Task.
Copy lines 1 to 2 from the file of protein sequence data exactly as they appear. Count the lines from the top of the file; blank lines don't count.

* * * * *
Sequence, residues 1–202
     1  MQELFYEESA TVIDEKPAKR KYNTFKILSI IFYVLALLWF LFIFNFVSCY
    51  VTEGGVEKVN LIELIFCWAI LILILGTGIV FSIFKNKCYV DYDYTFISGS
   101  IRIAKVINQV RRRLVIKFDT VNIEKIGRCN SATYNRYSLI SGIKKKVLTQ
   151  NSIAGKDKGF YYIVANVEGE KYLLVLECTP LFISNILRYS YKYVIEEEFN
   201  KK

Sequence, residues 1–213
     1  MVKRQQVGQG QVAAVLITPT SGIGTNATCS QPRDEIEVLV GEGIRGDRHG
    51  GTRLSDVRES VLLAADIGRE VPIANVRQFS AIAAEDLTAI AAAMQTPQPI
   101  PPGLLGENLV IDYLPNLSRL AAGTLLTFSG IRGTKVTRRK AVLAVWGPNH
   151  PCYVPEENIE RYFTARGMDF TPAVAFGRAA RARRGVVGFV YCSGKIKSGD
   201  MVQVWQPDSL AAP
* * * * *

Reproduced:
Sequence, residues 1–202
     1  MQELFYEESA TVIDEKPAKR KYNTFKILSI IFYVLALLWF LFIFNFVSCY